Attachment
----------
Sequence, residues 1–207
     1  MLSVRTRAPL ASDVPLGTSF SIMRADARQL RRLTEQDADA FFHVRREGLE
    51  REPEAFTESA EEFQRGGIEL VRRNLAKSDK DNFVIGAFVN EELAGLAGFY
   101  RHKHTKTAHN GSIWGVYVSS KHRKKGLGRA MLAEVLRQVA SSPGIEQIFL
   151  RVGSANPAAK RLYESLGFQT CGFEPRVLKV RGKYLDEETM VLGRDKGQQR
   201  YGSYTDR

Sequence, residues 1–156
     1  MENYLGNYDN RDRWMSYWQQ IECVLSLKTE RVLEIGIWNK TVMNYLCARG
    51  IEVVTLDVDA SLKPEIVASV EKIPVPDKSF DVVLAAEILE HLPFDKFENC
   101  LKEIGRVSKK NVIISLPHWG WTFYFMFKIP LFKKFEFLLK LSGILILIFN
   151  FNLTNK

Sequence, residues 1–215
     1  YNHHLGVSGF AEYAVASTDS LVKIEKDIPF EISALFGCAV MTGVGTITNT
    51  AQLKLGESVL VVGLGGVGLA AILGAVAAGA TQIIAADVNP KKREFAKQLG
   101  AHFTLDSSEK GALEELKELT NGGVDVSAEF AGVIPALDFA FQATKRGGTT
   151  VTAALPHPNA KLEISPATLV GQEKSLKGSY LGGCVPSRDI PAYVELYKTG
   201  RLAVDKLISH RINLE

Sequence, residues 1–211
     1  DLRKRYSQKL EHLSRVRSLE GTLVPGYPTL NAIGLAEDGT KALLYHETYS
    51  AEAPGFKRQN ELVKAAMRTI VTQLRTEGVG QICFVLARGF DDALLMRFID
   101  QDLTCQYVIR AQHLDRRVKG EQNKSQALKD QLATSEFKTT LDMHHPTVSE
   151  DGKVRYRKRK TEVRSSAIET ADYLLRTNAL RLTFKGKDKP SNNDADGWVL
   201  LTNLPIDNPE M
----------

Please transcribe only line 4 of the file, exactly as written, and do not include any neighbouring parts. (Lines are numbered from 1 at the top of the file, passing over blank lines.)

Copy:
   101  RHKHTKTAHN GSIWGVYVSS KHRKKGLGRA MLAEVLRQVA SSPGIEQIFL